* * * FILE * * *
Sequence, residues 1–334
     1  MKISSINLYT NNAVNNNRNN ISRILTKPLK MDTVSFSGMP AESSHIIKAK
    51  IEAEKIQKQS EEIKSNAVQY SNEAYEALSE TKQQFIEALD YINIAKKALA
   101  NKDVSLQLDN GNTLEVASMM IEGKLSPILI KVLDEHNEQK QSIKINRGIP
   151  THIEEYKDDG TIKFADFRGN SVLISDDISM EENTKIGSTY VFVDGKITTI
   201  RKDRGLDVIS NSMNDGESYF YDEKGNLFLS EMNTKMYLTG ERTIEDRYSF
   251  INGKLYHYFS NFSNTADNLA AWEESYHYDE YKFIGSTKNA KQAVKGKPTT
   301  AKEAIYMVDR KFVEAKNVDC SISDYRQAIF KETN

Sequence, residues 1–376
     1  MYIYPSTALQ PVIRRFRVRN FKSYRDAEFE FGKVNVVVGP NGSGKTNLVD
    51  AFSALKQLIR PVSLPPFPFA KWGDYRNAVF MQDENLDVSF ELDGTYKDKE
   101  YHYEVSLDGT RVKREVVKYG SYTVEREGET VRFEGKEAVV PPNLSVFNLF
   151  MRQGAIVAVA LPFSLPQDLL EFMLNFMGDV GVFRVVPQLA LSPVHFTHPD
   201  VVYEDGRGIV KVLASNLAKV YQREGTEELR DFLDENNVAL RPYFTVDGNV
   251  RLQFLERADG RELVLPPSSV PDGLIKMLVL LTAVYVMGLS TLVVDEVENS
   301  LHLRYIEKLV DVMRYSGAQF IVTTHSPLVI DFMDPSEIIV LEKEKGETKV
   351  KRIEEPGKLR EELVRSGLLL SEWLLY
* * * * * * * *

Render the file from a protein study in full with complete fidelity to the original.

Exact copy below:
Sequence, residues 1–334
     1  MKISSINLYT NNAVNNNRNN ISRILTKPLK MDTVSFSGMP AESSHIIKAK
    51  IEAEKIQKQS EEIKSNAVQY SNEAYEALSE TKQQFIEALD YINIAKKALA
   101  NKDVSLQLDN GNTLEVASMM IEGKLSPILI KVLDEHNEQK QSIKINRGIP
   151  THIEEYKDDG TIKFADFRGN SVLISDDISM EENTKIGSTY VFVDGKITTI
   201  RKDRGLDVIS NSMNDGESYF YDEKGNLFLS EMNTKMYLTG ERTIEDRYSF
   251  INGKLYHYFS NFSNTADNLA AWEESYHYDE YKFIGSTKNA KQAVKGKPTT
   301  AKEAIYMVDR KFVEAKNVDC SISDYRQAIF KETN

Sequence, residues 1–376
     1  MYIYPSTALQ PVIRRFRVRN FKSYRDAEFE FGKVNVVVGP NGSGKTNLVD
    51  AFSALKQLIR PVSLPPFPFA KWGDYRNAVF MQDENLDVSF ELDGTYKDKE
   101  YHYEVSLDGT RVKREVVKYG SYTVEREGET VRFEGKEAVV PPNLSVFNLF
   151  MRQGAIVAVA LPFSLPQDLL EFMLNFMGDV GVFRVVPQLA LSPVHFTHPD
   201  VVYEDGRGIV KVLASNLAKV YQREGTEELR DFLDENNVAL RPYFTVDGNV
   251  RLQFLERADG RELVLPPSSV PDGLIKMLVL LTAVYVMGLS TLVVDEVENS
   301  LHLRYIEKLV DVMRYSGAQF IVTTHSPLVI DFMDPSEIIV LEKEKGETKV
   351  KRIEEPGKLR EELVRSGLLL SEWLLY